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Overall Rating: (on a scale of 1 to 5 stars)
On this video produced by the International Academy of Middle Eastern Dance (IAMED), Paulina teaches several elementary belly dance moves, then assembles them into a follow-me practice format. In addition, Jindra teaches a half-hour workout based on beginner-level belly dance moves. Amara and Paulina each then do a performance.
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|Recommended Level||Total Novice|
|Total Video Length||1:31:49 minutes (i.e., 91:49 minutes)|
|Performance Time||11:34 minutes (13%)|
|Teaching Time||43:59 minutes (48%)|
|Workout Time||31:41 minutes (34%)|
|Amount Of "Other"||4:35 minutes (5%)|
|Number Of Models||1 for instruction, 3 for workout|
|Cost Per Minute Of Teaching, Workout, & Performing Time||34 cents|
|Cost For "Other"||$1.50|
This video consists of three major sections: an instructional section taught by Paulina, a practice/workout section led by Jindra, and a performance section with performances by Paulina and Amara. Like its companion videos, Art of Belly Dance - Arabian Sands and Art of Belly Dance - Desert Dreams, this video teaches elementary moves, offering a level of explanation suitable for someone who has never belly danced before. It doesn't really matter which of the three videos is used first - each can stand on its own, without needing any prior knowledge of material taught on the others, and all are taught at the level of a complete beginner.
Paulina has designed the instructional section for the needs of people who have never before set foot in a belly dance class or worked with a belly dance video. Her pace would be particularly well suited for someone who has never before studied any kind of dance. Each segment begins with a brief 30-60 second demonstration of the move(s) that will be taught in that section. Paulina then patiently explains in great detail how to do the move, demonstrating each from both the front and from the side. She lingers and drills it before proceeding to the next.
After drilling it a bit, she then warns against common errors, which viewers can use to check their own technique. In some cases, she includes variations in the section, not just the base move. At the end of each section, a screen of text lists the key points for doing the move just taught, which could be a helpful guide for someone who wants to take written notes. The instruction is divided into 9 major sections, as follows:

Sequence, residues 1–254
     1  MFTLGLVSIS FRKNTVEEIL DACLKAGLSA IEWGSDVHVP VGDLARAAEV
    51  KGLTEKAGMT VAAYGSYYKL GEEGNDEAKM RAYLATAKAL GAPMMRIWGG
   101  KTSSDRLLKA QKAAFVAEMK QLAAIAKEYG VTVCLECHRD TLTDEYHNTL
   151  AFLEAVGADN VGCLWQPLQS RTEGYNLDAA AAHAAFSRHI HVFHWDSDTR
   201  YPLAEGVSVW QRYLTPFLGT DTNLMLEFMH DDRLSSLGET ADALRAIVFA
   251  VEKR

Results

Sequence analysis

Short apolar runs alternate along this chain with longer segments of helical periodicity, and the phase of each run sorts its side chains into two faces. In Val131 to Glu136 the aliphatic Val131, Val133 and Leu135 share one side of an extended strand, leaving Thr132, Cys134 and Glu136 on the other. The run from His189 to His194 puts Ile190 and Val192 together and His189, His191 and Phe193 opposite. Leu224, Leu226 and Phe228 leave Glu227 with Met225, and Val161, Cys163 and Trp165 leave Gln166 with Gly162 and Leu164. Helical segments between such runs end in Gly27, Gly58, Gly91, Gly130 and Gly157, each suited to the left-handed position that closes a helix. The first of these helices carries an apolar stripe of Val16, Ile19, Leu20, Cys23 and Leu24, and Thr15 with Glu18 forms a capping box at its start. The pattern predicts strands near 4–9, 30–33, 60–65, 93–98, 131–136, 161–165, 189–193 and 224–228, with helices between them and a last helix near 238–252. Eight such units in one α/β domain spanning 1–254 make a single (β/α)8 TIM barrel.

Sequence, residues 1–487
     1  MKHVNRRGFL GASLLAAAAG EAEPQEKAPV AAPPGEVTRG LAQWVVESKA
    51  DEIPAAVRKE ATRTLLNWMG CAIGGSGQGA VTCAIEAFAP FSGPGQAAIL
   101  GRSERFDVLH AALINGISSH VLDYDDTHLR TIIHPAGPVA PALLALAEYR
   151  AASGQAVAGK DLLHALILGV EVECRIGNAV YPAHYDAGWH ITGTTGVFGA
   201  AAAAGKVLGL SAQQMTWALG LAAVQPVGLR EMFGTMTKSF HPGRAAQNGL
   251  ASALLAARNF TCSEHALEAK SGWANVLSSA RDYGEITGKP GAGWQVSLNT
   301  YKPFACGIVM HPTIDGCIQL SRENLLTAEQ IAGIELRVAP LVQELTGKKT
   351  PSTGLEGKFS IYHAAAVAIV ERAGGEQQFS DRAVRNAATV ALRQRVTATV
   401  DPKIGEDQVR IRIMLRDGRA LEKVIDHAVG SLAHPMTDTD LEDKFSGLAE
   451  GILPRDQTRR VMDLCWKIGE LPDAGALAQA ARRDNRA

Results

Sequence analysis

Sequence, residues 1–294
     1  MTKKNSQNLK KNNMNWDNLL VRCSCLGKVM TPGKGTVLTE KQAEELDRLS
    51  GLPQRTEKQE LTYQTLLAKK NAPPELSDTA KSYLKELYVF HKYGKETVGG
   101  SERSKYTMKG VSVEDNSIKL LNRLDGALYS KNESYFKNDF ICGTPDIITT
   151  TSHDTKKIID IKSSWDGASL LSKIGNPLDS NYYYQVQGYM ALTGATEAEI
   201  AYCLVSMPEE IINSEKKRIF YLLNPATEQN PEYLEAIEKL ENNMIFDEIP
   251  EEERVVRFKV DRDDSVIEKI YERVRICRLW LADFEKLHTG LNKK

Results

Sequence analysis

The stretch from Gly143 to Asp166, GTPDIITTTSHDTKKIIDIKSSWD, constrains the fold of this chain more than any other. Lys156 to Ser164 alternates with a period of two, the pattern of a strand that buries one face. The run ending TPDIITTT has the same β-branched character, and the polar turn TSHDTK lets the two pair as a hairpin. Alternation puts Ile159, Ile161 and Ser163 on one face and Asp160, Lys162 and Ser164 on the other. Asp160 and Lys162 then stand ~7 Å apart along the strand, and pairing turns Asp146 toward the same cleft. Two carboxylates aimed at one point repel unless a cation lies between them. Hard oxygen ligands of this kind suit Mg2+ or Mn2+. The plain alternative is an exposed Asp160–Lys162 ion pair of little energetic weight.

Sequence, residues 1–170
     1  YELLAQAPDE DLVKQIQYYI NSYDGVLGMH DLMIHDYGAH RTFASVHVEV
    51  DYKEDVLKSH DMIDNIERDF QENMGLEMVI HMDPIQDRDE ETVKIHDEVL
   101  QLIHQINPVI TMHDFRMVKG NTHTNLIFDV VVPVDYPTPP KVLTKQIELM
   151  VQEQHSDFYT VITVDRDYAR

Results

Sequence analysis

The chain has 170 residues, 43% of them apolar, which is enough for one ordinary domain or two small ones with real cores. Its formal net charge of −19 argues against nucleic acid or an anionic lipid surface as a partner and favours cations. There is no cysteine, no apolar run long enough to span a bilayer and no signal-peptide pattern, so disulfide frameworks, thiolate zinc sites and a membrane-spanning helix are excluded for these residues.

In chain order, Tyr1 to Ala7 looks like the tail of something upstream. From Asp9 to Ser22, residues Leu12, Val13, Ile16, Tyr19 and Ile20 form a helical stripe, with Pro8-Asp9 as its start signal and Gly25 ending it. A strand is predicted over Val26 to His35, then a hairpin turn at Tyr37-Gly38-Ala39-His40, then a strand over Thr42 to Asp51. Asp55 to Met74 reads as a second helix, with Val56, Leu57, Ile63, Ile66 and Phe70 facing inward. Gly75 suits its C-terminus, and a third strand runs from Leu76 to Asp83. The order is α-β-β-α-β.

Throughout this instructional section, Paulina wears a matched set of bra top and leggings with a hip scarf. Her body contrasts well against the background behind her, and it is always easy to see what she is doing.
In the one-minute introduction to each segment, as Paulina demonstrates the move to music, she uses the arm movements with it that will be taught later. This makes it possible for the viewer to see how the move will look when fully put together. I like this better than how the demonstrations are done in the companion volume Arabian Sands, because in Arabian Sands all the demos involve awkwardly holding the arms out to each side.
The instruction doesn't follow the customary "warm up", "teach", then "cool down" format that most instructional belly dance videos use, because it assumes you will warm up and cool down on your own.
The music for the instruction is very soft as background. It consists of a number of widely-used Middle Eastern songs that I enjoy, such as Ya Mustafa, Misirlou, and Erev Shel Shoshanim.
Following the instruction, Jindra Payne leads a 31 ½-minute workout with the help of two fitness models, Laura Peterson and Clarissa Manansala. Their attire matches Paulina's, which provides continuity with the instructional section and makes it easy to see the moves. The warm-up section consists of 6 minutes of stretches, pliés, and lunges, so because of those stretches I'd advise warming up on your own before beginning to follow along, though if you do it immediately after Paulina's instruction you're probably warmed up enough. (Current fitness "wisdom" is that stretches shouldn't be used for warm-ups, because stretching a cold body can cause injury.) The 23 minute main body of the workout consists of belly dance moves. It ends with a 3 minute cool-down that includes some stretches. The workout uses belly dance moves - some are moves that Paulina taught earlier, but most are introduced for the first time in this workout.